Excerpt from that page:
Islandwood is a bit more complex. It’s effectively an entirely new suite of development tools, libraries, and toolchains that allows developers to buildWindows 10 apps with Objective-C, and export existing Xcode projects into Visual Studio. Right now, it’s exclusively Objective-C, but Microsoft is working on a hotly-anticipated Swift compiler.
Do you have the source code for FMGO n order to recompile it ? If not, how can you run FMGO on Windows 10 ?
I wouldn't bet a lot of money on that tool to run iOS apps (almost) as is on Windows 10.
And how can you expect FileMaker inc. to make the port to Windows 10 ?
I read that any iOS app could run on windows 10 if the developer added a single line of code to their iOS app. Is this not the case? If it is, you would think that it would be in FileMaker, Inc.'s best interest considering their new pricing model is all based on user connections.
Or they could just fix how badly FileMaker runs on Windows but after the last update I have lost all hope for any meaningful updates. FileMaker has glommed onto the annual licensing model which seems to make developers lazy and less innovative.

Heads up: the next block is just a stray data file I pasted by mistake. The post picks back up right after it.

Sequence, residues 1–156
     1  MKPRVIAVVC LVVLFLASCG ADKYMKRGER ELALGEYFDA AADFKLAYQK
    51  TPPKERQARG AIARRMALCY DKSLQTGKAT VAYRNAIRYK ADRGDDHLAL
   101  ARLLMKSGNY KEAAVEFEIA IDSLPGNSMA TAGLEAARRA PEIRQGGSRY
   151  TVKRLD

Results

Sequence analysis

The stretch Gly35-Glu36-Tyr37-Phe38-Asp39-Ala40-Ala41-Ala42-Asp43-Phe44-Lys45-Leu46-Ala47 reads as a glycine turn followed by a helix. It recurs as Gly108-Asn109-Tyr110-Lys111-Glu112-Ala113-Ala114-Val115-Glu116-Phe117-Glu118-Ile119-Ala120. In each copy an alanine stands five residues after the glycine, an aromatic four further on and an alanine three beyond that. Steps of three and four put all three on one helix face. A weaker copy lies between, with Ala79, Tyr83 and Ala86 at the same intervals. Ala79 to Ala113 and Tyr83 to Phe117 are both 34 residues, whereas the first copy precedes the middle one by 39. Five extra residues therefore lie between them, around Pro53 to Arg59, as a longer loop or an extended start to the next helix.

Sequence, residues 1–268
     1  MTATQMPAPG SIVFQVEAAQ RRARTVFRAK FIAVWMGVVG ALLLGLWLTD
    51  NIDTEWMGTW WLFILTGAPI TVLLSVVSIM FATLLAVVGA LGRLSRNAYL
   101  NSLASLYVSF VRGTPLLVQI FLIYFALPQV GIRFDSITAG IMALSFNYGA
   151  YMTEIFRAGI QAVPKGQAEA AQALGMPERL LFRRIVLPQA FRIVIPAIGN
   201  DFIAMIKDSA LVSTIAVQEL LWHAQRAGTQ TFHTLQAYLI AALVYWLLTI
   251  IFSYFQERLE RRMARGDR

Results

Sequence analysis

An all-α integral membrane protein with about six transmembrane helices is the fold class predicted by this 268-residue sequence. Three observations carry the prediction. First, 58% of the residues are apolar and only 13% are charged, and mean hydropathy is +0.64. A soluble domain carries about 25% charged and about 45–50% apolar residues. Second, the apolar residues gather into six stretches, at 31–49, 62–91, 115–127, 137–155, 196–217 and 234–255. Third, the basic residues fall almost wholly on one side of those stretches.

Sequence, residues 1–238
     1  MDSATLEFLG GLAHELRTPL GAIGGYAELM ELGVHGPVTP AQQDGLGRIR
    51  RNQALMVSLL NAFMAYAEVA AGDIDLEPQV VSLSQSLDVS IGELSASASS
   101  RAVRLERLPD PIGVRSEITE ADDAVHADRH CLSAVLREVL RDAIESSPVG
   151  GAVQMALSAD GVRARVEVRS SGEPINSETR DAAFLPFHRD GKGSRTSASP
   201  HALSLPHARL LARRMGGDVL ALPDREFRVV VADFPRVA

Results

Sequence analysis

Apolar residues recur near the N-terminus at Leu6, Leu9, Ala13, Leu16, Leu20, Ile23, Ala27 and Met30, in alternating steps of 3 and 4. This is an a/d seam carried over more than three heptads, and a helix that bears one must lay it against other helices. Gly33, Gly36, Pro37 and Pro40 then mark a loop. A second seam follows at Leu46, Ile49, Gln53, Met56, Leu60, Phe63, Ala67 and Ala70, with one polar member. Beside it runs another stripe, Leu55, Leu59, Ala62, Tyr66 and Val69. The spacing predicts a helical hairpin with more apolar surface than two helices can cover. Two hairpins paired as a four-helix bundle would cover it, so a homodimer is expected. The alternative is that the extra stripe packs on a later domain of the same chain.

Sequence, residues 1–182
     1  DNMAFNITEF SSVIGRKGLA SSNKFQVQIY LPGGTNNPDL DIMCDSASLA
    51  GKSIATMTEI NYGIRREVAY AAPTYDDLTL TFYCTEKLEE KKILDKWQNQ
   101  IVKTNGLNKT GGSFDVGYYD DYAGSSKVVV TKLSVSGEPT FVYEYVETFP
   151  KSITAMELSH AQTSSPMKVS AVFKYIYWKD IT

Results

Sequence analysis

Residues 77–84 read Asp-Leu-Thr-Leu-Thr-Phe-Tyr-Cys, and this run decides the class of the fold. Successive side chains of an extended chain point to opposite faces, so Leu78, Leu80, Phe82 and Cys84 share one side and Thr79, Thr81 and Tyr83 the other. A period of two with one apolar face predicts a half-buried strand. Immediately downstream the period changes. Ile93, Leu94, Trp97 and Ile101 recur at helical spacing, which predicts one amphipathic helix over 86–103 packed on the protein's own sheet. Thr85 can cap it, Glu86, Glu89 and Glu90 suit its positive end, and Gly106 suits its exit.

Why would it be in FileMakers' interests? It would fall into the category of a thin client, which people have been asking for for years, but I can't see any benefit to FileMaker. The new pricing model in not all based on user connections. You can still buy individual copies of FMP as well as the legacy licensing options, although they'd prefer you didn't buy those.
In what way does FileMaker run badly on Windows? I've been a developer for over 20 years and have always developed on Windows. I don't have a problem with the way it runs. Please enlighten me so I know what I've been missing out on.
How does a licensing model "make developers lazy and less innovative"? I just don't see the connection between the two. If anything, I've found the opposite to be true. When each new version is released, I know my annual license clients will automatically receive it and I can discuss implementing new features with them.
I read that any iOS app could run on windows 10 if the developer added a single line of code to their iOS app.
The article is about *porting* applications not running them. That is, get the source code and re-complie for another platform.
Simple porting only ever works if the code uses common code, which usually means only using features in common to both platforms.
On a Windows desktop, what is going to handle calls to the GPS? How are features that are triggered by, say, rotation or movement going to be handled?
I'm sceptical about anything more complex than "hello world."